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Anxious Awakening

October 2, 2013


Anxiety is not for everyone. Some handle it better than others. For some, the anxious state drives them to make changes in their lives. For others, it simply burns out their nervous system and creates an imploding world.

I am of course teasing. I am playing with words and attempting to create something good from a somewhat hellish feeling – anxiety sucks – but it’s not all bad on planet stresshead:

The key, for me, is to listen to the anxiety. What does it need in order to feel relaxed? How was I feeling moments before I felt anxious and what was the trigger (if there was one)? Today I went to the gym, did some Chi Kung (Tai Chi) in the studio, punched f*** out of the punch bag for a few moments and had a nice long swim. I was calm when I arrived at the gym and even calmer when I left. Today was a good day. Until… a friend text me to say she could meet me ‘In the next ten minutes or so’ at our favourite coffee haunt. I failed to check the time of the text message and almost ran to the coffee shop to meet her. My anxiety levels went from a zero to ten in a matter of minutes. This is what is often referred to as: ‘Internal Pressure. I applied this pressure upon myself with no rhyme or reason. It was completely unnecessary and, as it turns out, futile because the text message was sent over an hour previous. God love me.

Anxiety, like any other emotional/psychological state – is a habit. If you cannot control it, it has been suggested (What the Bleep? The Movie, take a look at it, it rocks…) that you are addicted to it. Personally I wouldn’t go that far but I would suggest that you are most definitely caught in an old habit and that that old habit needs a compassionate smack across the legs. So what did I do with the anxious state that I had brought upon myself?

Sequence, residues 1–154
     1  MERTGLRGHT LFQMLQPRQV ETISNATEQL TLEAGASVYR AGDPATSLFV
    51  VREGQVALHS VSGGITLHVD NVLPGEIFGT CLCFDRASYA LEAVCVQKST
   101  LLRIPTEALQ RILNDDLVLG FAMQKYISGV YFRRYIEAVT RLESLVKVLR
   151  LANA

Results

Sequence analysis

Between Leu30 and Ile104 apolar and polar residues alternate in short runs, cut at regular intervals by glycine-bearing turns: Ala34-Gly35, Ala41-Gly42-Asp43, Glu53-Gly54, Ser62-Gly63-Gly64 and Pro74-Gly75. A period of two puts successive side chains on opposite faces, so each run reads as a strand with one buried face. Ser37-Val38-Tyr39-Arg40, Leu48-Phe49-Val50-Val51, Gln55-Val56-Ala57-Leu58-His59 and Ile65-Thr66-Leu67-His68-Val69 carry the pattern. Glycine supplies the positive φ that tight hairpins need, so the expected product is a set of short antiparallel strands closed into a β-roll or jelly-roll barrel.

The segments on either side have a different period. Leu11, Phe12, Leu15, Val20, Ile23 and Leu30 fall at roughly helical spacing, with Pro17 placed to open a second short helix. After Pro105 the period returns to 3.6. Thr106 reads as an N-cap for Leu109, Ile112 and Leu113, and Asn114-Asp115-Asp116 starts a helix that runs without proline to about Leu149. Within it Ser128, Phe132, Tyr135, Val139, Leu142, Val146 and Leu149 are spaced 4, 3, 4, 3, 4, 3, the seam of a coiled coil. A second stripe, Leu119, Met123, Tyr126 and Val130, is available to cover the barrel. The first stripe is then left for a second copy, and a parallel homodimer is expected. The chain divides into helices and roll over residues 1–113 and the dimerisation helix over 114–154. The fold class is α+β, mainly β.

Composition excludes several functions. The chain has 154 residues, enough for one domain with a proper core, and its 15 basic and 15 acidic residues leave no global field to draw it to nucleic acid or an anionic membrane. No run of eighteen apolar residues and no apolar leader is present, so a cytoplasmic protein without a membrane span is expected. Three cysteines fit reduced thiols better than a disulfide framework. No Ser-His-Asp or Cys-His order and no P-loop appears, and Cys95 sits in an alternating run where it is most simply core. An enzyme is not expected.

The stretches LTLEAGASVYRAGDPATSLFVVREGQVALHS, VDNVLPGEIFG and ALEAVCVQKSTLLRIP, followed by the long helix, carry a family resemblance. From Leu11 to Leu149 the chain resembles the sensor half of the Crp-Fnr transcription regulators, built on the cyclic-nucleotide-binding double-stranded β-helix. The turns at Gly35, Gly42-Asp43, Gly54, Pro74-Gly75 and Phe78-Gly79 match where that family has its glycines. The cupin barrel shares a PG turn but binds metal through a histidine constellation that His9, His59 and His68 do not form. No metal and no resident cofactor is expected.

I let it go.

I sat in the coffee shop alone, nothing unusual for me, and I had a polite word with the anxiety as if it were a separate entity: ‘It doesn’t matter. I would be having coffee anyway. If you meet her for coffee or not, it doesn’t matter. If you didn’t notice the time of the message, it doesn’t matter. Nothing, in actual fact, matters. Enjoy your coffee and go home’. The anxiety immediately reduced from a ten to a six and by the time I had paused even further for a cigarette and some discreet meditation, it was down to a two. By the time I returned home to switch my computer on to blog, the anxiety was a one. I achieved this by giving myself a break, realising that my nervous system had overreacted because of an old habit (‘I’ve got to be on time, I cannot let people down…’) and chilled the f*** out.

Anxiety brings about an amazing sense of awareness – if it weren’t for the temporary anxious state I experienced, I would never have learned how to manage it. Of course, the key is to know how and when to turn down the volume of anxiety. I am getting better and better at it each day.

Good for me!

Much Love,

Matt 🙂

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